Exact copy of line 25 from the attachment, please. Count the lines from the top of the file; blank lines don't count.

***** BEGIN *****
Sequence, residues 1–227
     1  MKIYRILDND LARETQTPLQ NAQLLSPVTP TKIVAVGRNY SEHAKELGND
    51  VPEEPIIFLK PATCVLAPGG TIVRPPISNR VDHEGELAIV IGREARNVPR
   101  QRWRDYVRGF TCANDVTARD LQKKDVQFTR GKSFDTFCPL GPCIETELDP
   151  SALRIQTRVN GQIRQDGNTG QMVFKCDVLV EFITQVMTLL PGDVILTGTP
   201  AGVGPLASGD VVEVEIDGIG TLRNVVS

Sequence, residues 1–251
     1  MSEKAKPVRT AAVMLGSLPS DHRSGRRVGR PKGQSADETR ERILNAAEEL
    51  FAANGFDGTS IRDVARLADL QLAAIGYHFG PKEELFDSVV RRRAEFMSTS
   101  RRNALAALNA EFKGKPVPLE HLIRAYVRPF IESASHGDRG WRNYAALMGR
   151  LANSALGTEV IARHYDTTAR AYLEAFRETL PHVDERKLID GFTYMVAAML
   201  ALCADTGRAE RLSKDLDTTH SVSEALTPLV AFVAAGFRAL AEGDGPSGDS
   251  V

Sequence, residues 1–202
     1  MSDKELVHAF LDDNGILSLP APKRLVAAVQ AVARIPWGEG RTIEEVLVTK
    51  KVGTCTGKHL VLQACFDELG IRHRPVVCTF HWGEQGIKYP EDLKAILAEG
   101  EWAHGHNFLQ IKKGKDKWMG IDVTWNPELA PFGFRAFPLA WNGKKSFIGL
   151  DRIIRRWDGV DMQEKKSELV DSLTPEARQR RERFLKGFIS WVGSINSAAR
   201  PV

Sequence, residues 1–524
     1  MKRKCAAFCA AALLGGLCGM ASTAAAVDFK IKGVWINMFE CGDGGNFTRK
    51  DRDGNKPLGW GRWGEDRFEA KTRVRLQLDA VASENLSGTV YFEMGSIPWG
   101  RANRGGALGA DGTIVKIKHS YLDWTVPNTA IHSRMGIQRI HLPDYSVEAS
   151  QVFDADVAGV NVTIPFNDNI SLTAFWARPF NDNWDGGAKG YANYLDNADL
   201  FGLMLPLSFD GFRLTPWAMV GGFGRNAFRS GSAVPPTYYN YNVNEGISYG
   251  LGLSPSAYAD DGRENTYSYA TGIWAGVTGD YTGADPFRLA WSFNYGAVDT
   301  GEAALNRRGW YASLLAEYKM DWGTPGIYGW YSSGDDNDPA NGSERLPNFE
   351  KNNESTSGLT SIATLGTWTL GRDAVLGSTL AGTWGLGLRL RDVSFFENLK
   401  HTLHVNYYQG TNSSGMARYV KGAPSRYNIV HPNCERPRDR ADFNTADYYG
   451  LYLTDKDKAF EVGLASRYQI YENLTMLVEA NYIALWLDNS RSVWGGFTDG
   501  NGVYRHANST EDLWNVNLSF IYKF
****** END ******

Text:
   201  FGLMLPLSFD GFRLTPWAMV GGFGRNAFRS GSAVPPTYYN YNVNEGISYG